An antenna made out of seawater? At first glance, it may seem on the level of an engineer’s idea of a parlor trick, but Mitsubishi Electric believes its SeaAerial Antenna has a future both on sea and land as a simple-to-set-up mobile antenna.
Seawater being salty is chock full of sodium and chloride ions which turn it into a pretty good conductor of electricity—unlike pure water, such as distilled water, which is not.
To make use of seawater’s conductivity, Mitsubishi has designed a special nozzle that insulates the seawater inside it from the surrounding sea. A coaxial cable from a transceiver is wired to a connection in the nozzle and to its metal lining.
A pump attached to the nozzle unit pumps a plume of seawater up the nozzle towards the sky. The high-frequency current from the transceiver enables a current to be transferred to the plume via electromagnetic induction, and then a signal is broadcast just as in the case of a metal aerial.
The reverse occurs when the aerial picks up an incoming signal. A high-frequency current flows through the plume of water and induces a current into the nozzle’s metal linings, which is then picked up by the coaxial cable. Currently, the SeaAerial Antenna works only at a designated frequency.
In a demonstration of the technology (as seen in the photograph at top) Mitsubishi was able to show a live digital terrestrial TV program indoors transmitted from Tokyo Skytree.
This is by no means the first time seawater has been used in this way. Daniel Tam is recognized as being the first to capitalize on the idea in 2007. He led a group of engineers working in the U.S. navy’s Space and Navel Warfare Systems Command in San Diego and came up with the idea of using an electromagnetic coil the size of a bagel to induce a current into seawater. When he pumped a spout of water through the center of the coil, he was able to send and receive radio signals.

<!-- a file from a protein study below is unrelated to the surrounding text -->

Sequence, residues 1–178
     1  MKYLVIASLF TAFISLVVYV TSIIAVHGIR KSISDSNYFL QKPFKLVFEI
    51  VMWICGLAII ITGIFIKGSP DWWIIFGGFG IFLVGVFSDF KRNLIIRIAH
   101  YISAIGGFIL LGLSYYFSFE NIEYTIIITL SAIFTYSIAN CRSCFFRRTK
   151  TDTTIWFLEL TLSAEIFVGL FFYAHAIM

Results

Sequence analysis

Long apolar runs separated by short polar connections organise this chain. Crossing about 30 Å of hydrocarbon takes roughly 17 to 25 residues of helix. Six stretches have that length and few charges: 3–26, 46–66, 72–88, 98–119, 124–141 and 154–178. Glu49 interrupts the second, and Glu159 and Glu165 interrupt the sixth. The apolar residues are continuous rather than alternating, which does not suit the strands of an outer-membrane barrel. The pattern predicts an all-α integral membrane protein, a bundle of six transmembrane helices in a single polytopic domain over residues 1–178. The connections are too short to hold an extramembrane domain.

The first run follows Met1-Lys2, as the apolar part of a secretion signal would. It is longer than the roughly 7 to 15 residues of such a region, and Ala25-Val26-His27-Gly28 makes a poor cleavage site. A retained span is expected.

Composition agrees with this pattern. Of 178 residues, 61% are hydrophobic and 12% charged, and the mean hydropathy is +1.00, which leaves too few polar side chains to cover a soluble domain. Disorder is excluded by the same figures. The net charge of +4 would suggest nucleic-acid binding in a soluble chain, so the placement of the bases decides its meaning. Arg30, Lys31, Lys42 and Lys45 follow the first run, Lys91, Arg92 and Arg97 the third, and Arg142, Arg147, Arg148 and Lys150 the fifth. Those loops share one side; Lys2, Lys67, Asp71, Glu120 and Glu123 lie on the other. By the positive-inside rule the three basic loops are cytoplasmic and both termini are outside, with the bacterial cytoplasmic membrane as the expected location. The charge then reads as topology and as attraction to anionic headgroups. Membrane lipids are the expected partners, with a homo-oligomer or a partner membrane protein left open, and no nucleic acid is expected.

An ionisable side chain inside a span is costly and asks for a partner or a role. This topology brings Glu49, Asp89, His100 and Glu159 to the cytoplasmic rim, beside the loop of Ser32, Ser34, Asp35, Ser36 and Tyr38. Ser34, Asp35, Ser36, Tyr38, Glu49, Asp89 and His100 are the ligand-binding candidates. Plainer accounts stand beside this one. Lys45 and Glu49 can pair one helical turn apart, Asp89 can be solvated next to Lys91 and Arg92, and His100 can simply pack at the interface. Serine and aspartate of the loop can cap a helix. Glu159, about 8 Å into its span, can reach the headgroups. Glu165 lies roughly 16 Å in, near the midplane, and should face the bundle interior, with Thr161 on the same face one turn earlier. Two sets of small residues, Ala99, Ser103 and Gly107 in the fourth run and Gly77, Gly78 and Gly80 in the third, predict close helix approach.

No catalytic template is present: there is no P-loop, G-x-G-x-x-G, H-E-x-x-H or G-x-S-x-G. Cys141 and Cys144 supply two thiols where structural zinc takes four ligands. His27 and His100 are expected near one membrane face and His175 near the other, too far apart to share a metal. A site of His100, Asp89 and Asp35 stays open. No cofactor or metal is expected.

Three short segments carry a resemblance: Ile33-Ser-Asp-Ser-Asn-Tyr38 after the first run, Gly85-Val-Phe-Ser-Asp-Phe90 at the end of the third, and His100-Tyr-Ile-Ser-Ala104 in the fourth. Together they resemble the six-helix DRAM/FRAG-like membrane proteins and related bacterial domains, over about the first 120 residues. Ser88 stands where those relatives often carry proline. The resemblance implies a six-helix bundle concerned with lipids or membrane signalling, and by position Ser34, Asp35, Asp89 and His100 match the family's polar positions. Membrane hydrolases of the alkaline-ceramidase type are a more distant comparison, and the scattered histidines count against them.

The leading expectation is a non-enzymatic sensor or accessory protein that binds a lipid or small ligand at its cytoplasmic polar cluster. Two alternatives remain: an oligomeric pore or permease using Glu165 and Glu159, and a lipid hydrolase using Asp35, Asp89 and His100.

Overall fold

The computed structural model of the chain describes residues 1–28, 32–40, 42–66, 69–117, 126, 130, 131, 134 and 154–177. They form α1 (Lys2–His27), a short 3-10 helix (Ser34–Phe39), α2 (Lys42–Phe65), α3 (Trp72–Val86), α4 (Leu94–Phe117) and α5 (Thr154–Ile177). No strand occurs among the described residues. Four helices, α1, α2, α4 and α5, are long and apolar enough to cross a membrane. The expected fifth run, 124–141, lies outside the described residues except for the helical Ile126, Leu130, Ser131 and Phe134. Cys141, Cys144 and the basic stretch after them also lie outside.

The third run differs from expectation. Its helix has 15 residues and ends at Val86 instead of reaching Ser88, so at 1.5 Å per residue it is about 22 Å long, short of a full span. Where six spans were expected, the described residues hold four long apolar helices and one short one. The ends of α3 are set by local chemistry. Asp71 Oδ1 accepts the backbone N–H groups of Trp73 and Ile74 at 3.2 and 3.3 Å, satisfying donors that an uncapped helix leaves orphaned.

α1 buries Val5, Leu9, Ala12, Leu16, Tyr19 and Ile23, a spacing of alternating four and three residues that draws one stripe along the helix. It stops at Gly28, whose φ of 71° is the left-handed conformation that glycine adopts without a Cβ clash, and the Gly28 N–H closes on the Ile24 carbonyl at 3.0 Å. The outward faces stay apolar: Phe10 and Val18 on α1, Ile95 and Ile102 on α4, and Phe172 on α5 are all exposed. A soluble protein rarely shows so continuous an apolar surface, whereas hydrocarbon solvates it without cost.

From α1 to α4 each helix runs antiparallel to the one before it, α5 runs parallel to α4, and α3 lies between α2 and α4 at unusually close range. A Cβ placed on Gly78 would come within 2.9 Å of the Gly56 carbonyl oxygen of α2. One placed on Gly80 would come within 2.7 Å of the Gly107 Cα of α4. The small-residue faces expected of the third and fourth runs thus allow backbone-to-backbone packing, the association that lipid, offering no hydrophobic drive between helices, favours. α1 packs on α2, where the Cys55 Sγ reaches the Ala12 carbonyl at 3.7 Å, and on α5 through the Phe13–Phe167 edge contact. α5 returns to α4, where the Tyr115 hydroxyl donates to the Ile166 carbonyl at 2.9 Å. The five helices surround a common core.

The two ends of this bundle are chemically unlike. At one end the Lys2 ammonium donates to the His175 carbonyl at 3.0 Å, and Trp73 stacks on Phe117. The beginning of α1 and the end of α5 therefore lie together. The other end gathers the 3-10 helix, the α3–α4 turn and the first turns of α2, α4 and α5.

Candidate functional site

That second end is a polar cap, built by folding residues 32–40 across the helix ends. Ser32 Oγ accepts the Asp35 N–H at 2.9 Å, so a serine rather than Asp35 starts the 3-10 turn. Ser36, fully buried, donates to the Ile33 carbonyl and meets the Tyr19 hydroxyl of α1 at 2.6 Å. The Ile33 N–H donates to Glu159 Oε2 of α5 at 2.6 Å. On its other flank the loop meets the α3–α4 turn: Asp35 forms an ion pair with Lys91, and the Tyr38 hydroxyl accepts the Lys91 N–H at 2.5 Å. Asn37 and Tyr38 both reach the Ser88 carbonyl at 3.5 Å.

You can see Tam demonstrating his invention on YouTube.
“By using our insulating nozzle instead of an electromagnetic coil to induce a current in the seawater plume, we have improved the antenna’s performance to the point we can receive a TV signal,” says Toru Fukasawa, manager at Mitsubishi’s Electromagnetic and Ultrasonic Wave Antenna Technology Dept. “We believe this is the first time this has been done. And by optimizing the diameter and height of the plume, we can achieve an efficiency of 70 percent for the radiated power in regards to the input power.”
The technology is still being enhanced and reliability must be improved. Fukasawa says that because the SeaAerial is basically just a small pump and nozzle, it can easily be set up quickly along any sea coast, on a ship in need of an additional antenna, and on land in the aftermath of a disaster, for instance, when installed aerials may be knocked out. Now that’s a parlor trick worth perfecting.
This first appared on my Forbes blog site: http://www.forbes.com/sites/jboyd